It has been postulated that the intestinal anaerobes play a role in the etiology of large bowel cancer. This study was designed to characterize and compare the fecal anaerobes of patients with large bowel cancer, patients with nonhereditary large bowel polyps, and healthy control subjects. Although some distributional variations of the anaerobic genera were observed among the study groups, significant differences in fecal anaerobic microflora and total aerobic counts were not noted. This suggests that taxonomic grouping of fecal bacteria is an inadequate measure of relative risk of developing large bowel cancer. However, the fecal microbial 7α-dehydroxylase and cholesterol dehydrogenase activities of large bowel cancer patients and patients with nonhereditary large bowel polyps were significantly higher than those of healthy control subjects. On the other hand, no significant difference in fecal microbial β-glucuronidase activity was noted among the study groups. It may be that assessment of the total metabolic activities of the intestinal microflora will provide a better understanding of their potential role in the genesis of large bowel cancer.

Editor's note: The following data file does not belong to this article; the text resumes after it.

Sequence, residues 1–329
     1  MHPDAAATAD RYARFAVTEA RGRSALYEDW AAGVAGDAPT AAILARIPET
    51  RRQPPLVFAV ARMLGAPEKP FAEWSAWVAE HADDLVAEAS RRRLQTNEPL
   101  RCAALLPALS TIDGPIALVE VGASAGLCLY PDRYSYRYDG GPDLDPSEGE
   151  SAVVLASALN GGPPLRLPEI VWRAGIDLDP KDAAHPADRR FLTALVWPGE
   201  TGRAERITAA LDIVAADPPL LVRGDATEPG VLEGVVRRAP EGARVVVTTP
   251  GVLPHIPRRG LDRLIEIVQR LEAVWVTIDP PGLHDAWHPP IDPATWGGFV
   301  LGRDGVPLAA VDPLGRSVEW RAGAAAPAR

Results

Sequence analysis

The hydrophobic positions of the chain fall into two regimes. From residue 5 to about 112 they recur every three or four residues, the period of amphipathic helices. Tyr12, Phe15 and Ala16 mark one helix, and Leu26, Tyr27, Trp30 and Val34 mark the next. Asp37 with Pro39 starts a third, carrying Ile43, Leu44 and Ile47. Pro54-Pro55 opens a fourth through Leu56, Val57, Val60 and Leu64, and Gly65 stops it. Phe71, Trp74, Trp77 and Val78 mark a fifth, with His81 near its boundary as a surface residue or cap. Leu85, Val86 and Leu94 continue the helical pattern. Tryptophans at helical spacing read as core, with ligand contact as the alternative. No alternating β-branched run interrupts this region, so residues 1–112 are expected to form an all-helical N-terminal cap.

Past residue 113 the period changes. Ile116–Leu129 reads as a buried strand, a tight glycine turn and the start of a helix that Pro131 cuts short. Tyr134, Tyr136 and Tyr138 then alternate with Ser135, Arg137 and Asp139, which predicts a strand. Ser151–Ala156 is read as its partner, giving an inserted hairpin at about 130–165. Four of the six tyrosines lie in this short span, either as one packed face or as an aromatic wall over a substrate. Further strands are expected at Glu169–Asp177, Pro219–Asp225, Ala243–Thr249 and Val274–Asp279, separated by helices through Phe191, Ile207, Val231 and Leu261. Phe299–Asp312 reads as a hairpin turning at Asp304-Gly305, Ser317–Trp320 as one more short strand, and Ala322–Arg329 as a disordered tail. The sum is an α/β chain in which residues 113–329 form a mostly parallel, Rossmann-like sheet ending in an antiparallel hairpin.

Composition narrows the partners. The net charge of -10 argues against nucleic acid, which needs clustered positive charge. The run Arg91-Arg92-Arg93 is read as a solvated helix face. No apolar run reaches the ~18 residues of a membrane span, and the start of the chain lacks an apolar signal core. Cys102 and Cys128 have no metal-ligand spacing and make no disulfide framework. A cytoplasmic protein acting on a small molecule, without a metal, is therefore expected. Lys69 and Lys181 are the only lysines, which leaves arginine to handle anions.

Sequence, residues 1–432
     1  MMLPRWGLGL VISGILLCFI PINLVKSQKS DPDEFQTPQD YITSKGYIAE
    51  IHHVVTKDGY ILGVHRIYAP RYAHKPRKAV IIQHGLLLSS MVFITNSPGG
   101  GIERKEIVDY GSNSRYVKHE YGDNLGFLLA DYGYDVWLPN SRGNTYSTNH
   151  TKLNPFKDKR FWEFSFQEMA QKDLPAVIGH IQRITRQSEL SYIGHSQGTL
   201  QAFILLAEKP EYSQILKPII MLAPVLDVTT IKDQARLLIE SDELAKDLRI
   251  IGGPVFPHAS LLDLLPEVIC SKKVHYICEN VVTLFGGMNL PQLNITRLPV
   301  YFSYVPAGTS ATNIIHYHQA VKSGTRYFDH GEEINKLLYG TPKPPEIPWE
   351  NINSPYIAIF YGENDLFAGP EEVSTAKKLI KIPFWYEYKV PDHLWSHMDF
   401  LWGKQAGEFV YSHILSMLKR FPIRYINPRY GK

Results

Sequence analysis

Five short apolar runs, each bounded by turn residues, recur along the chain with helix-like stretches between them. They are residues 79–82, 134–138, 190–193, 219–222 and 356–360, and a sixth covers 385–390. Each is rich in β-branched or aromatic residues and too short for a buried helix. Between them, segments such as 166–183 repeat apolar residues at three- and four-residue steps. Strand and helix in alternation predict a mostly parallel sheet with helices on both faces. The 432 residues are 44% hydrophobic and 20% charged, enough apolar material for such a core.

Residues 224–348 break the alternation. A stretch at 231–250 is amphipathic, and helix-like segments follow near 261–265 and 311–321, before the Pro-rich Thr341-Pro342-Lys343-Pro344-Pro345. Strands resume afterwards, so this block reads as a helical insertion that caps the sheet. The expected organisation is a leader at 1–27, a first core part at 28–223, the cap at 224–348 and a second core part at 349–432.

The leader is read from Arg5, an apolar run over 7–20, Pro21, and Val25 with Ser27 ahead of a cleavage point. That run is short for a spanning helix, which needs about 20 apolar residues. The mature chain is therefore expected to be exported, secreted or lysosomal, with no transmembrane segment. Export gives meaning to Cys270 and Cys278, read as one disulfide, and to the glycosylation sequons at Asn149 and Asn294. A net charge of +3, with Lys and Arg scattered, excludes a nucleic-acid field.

This research was supported by Grant CA 16382 awarded by the National Cancer Institute through the National Large Bowel Cancer Project.